Agricultural biotech heavyweight Monsanto has licensed the use of CRISPR-Cas genome-editing technology from the Broad Institute at Harvard University and MIT. Monsanto intends to use CRISPR to make crops like corn and soybeans more fruitful and more resistant to diseases and drought, says Tom Adams, Monsanto's head of biotechnology. "Getting more productivity out of less acres with less inputs is clearly a critical thing for humanity," he says. "And gene editing is another tool that can help us accelerate that." CRISPR allows researchers to remove and replace bits of DNA in a much more targeted way than previous genetic modification techniques.
In a suburban Minneapolis laboratory, a tiny company that has never turned a profit is poised to beat the world's biggest agriculture firms to market with the next potential breakthrough in genetic engineering - a crop with'edited' DNA. Calyxt Inc, an eight-year-old firm co-founded by a genetics professor, altered the genes of a soybean plant to produce healthier oil using the cutting-edge editing technique rather than conventional genetic modification. Seventy-eight farmers planted those soybeans this spring across 17,000 acres in South Dakota and Minnesota, a crop expected to be the first gene-edited crop to sell commercially, beating out Fortune 500 companies. Seed development giants such as Monsanto, Syngenta AG and DowDuPont Inc have dominated genetically modified crop technology that emerged in the 1990s. But they face a wider field of competition from start-ups and other smaller competitors because gene-edited crops have drastically lower development costs and the U.S. Department of Agriculture (USDA) has decided not to regulate them.
Monsanto Co. MON 0.23% is opening its next chapter in genetic technology--and may face tougher competition. The St. Louis company is investing in gene editing in an effort to keep an edge over rival suppliers of high-tech crop seeds. Monsanto has signed a string of licensing deals to add new gene-editing capabilities to its established methods of genetically modifying seeds, or creating GMOs. Dr. Robert Fraley, Monsanto's chief technology officer, said gene editing could help corn plants thrive in dry conditions, or produce tastier bell peppers. "It's a breakthrough technology," he said.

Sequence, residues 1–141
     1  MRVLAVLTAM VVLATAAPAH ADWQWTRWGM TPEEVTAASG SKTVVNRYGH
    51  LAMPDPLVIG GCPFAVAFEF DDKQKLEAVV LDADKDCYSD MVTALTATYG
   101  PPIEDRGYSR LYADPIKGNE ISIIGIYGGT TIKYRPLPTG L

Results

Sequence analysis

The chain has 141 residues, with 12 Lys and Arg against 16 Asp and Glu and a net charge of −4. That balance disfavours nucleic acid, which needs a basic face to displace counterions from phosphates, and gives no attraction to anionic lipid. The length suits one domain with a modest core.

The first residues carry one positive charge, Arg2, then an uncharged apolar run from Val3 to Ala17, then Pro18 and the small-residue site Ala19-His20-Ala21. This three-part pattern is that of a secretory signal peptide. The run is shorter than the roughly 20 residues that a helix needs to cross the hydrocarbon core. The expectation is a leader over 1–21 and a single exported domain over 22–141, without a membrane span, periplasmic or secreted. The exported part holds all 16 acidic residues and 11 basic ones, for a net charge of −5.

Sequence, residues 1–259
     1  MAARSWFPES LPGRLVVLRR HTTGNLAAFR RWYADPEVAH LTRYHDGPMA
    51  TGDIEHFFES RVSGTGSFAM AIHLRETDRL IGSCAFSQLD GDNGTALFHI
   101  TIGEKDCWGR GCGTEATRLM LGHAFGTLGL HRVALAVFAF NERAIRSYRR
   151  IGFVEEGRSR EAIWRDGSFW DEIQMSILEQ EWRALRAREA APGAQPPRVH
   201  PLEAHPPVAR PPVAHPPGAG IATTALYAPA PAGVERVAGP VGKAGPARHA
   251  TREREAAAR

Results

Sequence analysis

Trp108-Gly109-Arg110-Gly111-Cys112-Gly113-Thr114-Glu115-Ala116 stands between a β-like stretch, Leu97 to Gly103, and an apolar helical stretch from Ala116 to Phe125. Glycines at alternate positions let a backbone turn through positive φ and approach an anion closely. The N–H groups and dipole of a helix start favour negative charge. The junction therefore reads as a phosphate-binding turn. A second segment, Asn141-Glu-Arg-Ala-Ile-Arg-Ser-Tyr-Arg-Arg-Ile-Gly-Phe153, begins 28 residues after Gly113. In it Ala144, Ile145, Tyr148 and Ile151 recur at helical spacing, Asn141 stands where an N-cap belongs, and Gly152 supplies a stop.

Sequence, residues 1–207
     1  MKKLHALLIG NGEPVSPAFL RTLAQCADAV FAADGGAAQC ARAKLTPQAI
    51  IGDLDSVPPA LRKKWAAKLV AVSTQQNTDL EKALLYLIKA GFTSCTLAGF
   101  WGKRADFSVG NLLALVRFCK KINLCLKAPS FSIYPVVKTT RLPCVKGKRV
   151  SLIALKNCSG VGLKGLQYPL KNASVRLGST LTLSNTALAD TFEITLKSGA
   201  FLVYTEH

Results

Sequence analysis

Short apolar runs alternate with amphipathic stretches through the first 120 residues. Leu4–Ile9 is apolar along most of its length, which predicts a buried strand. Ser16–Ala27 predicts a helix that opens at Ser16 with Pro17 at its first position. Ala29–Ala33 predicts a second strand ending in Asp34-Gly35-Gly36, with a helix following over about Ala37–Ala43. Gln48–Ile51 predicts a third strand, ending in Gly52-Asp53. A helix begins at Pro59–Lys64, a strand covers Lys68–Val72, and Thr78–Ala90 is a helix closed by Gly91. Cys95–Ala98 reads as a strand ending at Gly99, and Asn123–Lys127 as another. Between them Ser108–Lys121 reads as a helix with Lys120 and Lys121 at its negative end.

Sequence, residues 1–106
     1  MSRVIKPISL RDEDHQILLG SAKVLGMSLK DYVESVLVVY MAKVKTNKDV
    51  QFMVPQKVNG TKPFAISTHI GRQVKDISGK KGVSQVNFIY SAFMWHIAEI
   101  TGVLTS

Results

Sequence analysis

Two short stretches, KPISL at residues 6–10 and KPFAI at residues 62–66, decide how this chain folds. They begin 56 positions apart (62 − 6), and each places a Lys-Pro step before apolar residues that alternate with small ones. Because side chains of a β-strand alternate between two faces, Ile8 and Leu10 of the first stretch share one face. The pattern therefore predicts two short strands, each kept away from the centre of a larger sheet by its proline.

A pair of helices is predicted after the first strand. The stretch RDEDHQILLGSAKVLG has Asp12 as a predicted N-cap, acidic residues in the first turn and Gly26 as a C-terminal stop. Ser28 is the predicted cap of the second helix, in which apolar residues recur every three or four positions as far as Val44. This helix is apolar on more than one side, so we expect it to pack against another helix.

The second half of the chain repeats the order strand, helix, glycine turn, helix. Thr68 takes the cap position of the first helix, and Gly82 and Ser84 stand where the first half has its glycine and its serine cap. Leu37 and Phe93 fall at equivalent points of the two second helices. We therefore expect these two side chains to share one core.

A world without hunger is possible but only if food production is sustainably increased and distributed and extreme poverty is eliminated. Globally, most of the poor and undernourished people live in rural areas of developing countries, where they depend on agriculture as a source of food, income, and employment. International data show a clear association between low agricultural productivity and high rates of undernourishment (1). Global studies have also shown that rapid reduction of extreme poverty is only possible when the incomes of smallholder farmers are increased (2). Therefore, sustained improvement in agricultural productivity is central to socioeconomic development.
In the early days of gene editing, biologists had a molecular tool kit that was somewhat akin to a printing press. Which is to say, altering DNA was a messy, labor-intensive process of loading genes onto viruses bound for target cells. It involved more than a fair amount of finger-crossing. Today, scientists have the genetic equivalent of Microsoft Word, and they are beginning to edit DNA almost as easily as software engineers modify code. Call it the Great Crispr Quake of 2012.